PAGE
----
5. Maturing consumers become more resistant to absolute propositions and directive language. The new generation of mature adults, especially boomers, grew up with television ads, exaggerated claims and hyperbole. They have heard it all. They want fact-filled information; but prefer to draw their own conclusions. Information on companies and products should be presented in a qualified, even deferential manner. When you use directive language, urgency strategies or exclusionary terms, you threaten the consumer’s autonomy and the mind begins experientially screening out your message.

6. Maturing consumers more quickly grasp metaphorical meanings, nuances and subtleties using subjective information processing. Unlike the objective presentations that worked with younger consumers, marketers need to take advantage of greater sensitivity to subtlety by expanding the content of the message and thus its perceived attractiveness. By using less specific language to describe products or services, the consumer can use their own creative processes to define the product in the context of their reality and life experience. This can be accomplished using nonverbal symbols such as the flag, babies, sunset, playful children, pets, hugs, smiles, holding hands, doves etc. Likewise, the mature consumer is more receptive to narrative-styled presentations of information. Therefore, make greater use of story-telling techniques to get information across.

Since so few companies have targeted the mature consumer, absolute evidence on what works best in this changing consumer market is limited. Some companies have explored the mature market using traditional methods only to conclude there was little potential because consumers failed to respond. They blamed neither the messenger nor the message. It seems they blamed the intended recipient. Others have invested thousands of dollars to teach sensitivity to their personnel without ever developing an empathetic understanding of the mature consumer and their decision-making processes.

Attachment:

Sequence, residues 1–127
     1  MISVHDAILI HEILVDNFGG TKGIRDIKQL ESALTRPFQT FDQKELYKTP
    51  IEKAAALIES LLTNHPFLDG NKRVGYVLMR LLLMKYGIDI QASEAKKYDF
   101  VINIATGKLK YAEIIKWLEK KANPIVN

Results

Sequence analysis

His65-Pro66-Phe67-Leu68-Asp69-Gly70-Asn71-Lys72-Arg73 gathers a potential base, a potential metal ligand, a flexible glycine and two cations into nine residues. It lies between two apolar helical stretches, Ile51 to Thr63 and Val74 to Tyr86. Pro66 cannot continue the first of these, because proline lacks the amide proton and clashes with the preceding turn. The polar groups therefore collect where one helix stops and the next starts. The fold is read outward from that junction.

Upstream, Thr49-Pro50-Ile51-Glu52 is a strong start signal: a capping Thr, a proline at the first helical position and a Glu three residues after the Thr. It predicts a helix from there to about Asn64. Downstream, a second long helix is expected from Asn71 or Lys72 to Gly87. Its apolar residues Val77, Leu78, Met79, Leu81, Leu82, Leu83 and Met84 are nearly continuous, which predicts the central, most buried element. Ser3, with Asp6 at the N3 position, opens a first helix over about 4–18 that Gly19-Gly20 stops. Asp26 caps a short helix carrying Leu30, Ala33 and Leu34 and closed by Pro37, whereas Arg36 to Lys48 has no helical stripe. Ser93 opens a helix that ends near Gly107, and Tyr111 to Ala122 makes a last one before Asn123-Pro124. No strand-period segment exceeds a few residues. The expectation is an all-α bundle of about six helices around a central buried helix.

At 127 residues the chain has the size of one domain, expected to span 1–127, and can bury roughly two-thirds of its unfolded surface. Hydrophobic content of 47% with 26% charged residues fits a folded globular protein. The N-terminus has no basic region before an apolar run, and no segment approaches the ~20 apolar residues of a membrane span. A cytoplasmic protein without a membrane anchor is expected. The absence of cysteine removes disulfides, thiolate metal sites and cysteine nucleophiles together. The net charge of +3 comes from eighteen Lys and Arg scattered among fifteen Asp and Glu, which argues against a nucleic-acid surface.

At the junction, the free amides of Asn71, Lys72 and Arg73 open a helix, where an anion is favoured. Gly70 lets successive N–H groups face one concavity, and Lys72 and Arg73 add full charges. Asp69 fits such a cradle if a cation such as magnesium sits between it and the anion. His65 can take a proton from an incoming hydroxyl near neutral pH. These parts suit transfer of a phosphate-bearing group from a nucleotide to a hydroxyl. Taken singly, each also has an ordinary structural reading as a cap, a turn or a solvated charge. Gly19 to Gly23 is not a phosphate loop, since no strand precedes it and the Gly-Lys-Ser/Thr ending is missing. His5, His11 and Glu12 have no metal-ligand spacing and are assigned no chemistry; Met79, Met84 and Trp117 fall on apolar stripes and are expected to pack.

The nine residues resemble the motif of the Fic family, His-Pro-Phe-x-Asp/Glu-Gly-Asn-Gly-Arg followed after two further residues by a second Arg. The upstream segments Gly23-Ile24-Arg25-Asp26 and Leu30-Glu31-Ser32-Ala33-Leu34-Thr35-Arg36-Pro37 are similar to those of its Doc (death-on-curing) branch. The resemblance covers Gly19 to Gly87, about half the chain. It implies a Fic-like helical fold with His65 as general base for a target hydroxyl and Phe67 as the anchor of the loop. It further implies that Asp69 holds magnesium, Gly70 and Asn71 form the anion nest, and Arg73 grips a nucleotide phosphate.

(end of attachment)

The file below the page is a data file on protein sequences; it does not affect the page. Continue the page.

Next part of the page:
As businesses continue to track the elusive elder beast, there will no doubt be varying degrees of success. This article does not call into question the approaches that have worked so well in previous decades, as they were very appropriate in the dominant youth market. However, yesterday ended last night and new approaches must be tested and improved before we can advance the state-of-the-art.

Those who are willing to look outside the box as they explore new approaches to communicating their offers will dominate their respective markets for the next 20 years. They are the visionaries who seek long-term success over short-term security.

Richard (Dick) Ambrosius is Vice President of Marketing Communications for PRAXEIS of Jacksonville, FL. For the past 27 years, he has been an outspoken advocate of positive aging and ageless marketing. For more information, call 904-381-0433 or visit www.praxeis.com.